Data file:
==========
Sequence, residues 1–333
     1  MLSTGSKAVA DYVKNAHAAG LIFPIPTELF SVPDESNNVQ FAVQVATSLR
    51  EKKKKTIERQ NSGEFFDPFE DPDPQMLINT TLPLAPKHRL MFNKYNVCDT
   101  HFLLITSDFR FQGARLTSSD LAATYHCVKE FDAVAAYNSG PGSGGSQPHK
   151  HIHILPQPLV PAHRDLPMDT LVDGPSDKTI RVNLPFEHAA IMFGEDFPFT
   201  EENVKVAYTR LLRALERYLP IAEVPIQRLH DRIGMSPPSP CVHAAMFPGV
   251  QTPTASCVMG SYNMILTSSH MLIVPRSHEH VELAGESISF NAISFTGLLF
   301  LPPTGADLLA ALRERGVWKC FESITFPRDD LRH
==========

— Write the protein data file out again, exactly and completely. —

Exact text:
Sequence, residues 1–333
     1  MLSTGSKAVA DYVKNAHAAG LIFPIPTELF SVPDESNNVQ FAVQVATSLR
    51  EKKKKTIERQ NSGEFFDPFE DPDPQMLINT TLPLAPKHRL MFNKYNVCDT
   101  HFLLITSDFR FQGARLTSSD LAATYHCVKE FDAVAAYNSG PGSGGSQPHK
   151  HIHILPQPLV PAHRDLPMDT LVDGPSDKTI RVNLPFEHAA IMFGEDFPFT
   201  EENVKVAYTR LLRALERYLP IAEVPIQRLH DRIGMSPPSP CVHAAMFPGV
   251  QTPTASCVMG SYNMILTSSH MLIVPRSHEH VELAGESISF NAISFTGLLF
   301  LPPTGADLLA ALRERGVWKC FESITFPRDD LRH